In one way or another, each of these young writers spins her own variation on Little's notion of Negro Geography. Their characters are either trying to float up a class, or desperately striving not to sink back down and expose their humble origins. "It wasn't as if middle-class Black people didn't want to be Black," Little observes in "Good Hair," "they just wanted to be seen as different from the negative stereotypes of the poor downtrodden so often shown by the majority media."

Little puts it this way: "Miles believed that Black women came in three categories: the commoner, the BAP, and the Afrotique." Commoners are "women with names like LaQwanda, who wore lycra regardless of dress size." BAPs are affluent, well-educated African-American princesses. And Afrotiques are "righteous womanist sisters with natural hair and clothes made from natural fabric." There's never any doubt that most of the characters in these books are aspiring BAPs -- in mind if not education and wallet -- but these distinctions, of course, merely skim the surface. Inside the three categories, class antagonisms are too multitudinous to detail.

Interestingly, the most complex and finely wrought of these novels is a book about a family that's in danger of losing its middle-class status. Faye McDonald Smith's lovely "The Flight of the Blackbird" introduces us to the Burke family. The wife, Mel, works for the Atlanta Chamber of Commerce. The husband, Builder, owns his own construction company. "Flight of the Blackbird" describes what happens when Mel is "downsized" from her job, and Builder's financial fortunes take a similar turn for the worse.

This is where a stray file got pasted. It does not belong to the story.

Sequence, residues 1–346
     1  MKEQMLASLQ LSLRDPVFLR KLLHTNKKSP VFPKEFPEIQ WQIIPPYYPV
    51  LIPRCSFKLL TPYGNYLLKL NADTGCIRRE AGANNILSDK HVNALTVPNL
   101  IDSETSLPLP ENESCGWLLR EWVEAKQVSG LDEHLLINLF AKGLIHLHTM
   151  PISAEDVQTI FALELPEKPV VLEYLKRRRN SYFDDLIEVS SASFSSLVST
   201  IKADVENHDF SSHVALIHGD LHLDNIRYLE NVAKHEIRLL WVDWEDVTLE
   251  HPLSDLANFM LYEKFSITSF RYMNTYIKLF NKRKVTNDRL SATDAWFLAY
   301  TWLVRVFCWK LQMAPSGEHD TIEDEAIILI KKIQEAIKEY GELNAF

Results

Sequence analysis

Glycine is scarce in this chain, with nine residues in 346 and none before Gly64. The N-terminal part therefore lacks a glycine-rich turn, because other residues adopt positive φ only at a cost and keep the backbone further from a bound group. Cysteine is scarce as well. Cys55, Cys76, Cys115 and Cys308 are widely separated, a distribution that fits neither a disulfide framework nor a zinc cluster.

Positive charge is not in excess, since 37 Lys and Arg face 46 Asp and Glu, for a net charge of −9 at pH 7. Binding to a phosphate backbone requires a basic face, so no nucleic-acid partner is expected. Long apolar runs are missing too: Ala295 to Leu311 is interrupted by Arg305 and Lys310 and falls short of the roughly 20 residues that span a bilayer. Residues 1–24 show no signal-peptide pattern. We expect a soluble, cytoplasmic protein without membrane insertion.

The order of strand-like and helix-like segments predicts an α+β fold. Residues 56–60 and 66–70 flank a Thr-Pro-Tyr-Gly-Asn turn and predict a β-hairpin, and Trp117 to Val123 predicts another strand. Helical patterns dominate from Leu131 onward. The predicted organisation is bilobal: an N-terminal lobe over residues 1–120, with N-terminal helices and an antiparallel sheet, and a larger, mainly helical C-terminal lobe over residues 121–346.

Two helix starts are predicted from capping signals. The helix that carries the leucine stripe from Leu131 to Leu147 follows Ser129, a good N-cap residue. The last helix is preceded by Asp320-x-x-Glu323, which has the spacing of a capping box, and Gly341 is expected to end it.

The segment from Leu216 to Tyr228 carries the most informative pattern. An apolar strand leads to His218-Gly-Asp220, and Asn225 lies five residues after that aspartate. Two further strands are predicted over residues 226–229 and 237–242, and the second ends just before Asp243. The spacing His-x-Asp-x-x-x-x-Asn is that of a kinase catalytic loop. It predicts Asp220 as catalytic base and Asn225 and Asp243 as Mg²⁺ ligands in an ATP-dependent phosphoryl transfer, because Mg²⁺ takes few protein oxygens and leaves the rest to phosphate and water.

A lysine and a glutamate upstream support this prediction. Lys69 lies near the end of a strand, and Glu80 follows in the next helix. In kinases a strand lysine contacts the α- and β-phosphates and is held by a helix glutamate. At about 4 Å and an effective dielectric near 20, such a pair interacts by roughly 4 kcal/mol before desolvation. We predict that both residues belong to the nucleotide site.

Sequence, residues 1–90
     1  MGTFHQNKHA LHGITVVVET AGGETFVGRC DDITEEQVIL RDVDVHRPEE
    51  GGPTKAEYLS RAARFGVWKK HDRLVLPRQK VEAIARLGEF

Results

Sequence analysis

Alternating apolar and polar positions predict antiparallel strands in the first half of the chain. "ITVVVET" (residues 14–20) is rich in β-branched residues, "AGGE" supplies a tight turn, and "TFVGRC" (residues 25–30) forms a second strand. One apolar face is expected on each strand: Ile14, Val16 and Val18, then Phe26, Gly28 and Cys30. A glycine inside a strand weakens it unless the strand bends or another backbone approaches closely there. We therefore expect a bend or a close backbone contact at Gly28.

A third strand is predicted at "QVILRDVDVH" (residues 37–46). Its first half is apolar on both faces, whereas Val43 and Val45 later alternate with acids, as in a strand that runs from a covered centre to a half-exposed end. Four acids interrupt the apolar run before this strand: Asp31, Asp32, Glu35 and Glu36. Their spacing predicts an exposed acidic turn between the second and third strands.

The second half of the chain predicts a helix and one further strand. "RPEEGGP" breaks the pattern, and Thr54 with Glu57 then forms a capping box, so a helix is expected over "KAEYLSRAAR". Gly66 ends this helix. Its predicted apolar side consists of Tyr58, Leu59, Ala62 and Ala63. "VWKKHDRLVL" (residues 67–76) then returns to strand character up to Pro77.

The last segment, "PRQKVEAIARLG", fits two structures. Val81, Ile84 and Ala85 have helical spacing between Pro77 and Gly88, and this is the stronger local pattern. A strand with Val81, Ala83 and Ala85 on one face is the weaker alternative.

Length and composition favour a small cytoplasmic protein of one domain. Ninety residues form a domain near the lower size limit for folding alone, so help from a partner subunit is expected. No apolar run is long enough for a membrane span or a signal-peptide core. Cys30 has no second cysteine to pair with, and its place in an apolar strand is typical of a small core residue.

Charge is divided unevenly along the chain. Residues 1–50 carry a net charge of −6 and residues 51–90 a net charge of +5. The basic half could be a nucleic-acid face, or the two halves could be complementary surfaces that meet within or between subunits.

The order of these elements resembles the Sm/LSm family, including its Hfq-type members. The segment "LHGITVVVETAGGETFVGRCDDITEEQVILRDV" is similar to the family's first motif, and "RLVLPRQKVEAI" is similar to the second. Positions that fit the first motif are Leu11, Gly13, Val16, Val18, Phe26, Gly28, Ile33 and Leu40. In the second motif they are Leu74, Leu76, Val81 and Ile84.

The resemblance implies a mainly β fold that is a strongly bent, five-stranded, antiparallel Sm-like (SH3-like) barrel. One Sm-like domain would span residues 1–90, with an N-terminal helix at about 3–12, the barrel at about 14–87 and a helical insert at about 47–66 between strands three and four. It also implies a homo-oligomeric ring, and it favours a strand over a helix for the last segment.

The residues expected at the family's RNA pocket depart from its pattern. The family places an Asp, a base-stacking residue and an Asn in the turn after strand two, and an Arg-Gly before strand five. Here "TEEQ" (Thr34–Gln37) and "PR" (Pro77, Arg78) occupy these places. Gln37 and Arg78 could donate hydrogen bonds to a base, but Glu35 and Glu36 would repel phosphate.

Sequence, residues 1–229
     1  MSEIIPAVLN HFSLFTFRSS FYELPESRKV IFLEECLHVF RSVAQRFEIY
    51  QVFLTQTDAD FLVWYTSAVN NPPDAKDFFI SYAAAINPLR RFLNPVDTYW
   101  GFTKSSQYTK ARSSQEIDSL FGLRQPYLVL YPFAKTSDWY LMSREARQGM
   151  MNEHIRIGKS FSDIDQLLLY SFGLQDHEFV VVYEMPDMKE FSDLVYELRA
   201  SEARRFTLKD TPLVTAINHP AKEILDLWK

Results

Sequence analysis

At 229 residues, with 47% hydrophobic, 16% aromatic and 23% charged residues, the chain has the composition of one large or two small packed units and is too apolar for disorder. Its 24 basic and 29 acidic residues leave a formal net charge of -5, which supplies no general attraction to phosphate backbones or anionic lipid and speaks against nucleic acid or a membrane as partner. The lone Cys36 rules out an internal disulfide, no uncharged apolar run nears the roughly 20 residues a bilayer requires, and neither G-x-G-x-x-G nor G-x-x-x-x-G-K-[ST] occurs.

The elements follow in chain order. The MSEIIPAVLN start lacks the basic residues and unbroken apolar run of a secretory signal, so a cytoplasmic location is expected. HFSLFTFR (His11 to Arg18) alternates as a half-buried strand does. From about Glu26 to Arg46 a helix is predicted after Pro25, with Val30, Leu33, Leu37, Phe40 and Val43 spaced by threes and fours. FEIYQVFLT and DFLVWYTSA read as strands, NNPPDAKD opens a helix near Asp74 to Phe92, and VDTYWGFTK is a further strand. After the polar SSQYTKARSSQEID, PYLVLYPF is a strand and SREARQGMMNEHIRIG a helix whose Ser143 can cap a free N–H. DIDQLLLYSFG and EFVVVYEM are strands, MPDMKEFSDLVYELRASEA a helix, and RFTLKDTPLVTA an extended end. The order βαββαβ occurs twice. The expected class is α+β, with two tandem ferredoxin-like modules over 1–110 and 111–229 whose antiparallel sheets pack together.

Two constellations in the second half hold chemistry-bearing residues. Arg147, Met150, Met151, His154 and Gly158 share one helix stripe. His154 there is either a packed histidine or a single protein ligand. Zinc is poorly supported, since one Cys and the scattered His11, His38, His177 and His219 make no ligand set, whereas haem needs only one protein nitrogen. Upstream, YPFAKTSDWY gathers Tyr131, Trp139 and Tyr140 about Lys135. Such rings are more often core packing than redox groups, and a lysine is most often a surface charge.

Smith does a nearly miraculous job of depicting a family in free fall. Their social invitations dry up; the young daughter is kicked out of her private school; surly bill collectors loiter on their doorsteps. Worse, they feel paralyzed, unable to express their anger. "(Builder) knew he was coming across as embittered and cynical; another black man who wasn't making it and who therefore blamed the system."

When the family does get their act back together -- after a brutal incident that might best be termed "marital rape" -- it's with a healthy dose of clear-headed reality. Not only will Mel and Builder work together to restore his business, but they decide to opt out of the Negro Geography game. They've seen class warfare from both sides, and intend to find their way in the world without worrying about what others think.

In "Good Hair," Little puts this sentiment a little differently. "I'm just so sick of you business-card-flashing, Armani-suit-wearing, portable-phone-having assholes that I wanna scream," her harried protagonist intones. That's a sentiment that anyone who's read this high heap of new novels will recognize. Yet it's the fine, insecure and often angry social distinctions these young writers dig into that make their books -- like life -- so engaging.

"Good Hair," by Benilde Little.
Simon & Schuster, 237 pages.
"He Say, She Say," by Yolanda Joe.
Doubleday, 272 pages.
"The Hand I Fan With," by Tina McElroy Ansa.
Doubleday, 462 pages.
"So Good," by Venise Berry.
Dutton, 280 pages.
"Flight of the Blackbird," by Faye McDonald Smith.
Scribner, 348 pages.
"How Stella Got Her Groove Back," by Terry McMillan.
Viking, 368 pages.

Dwight Garner

Dwight Garner is Salon's book review editor.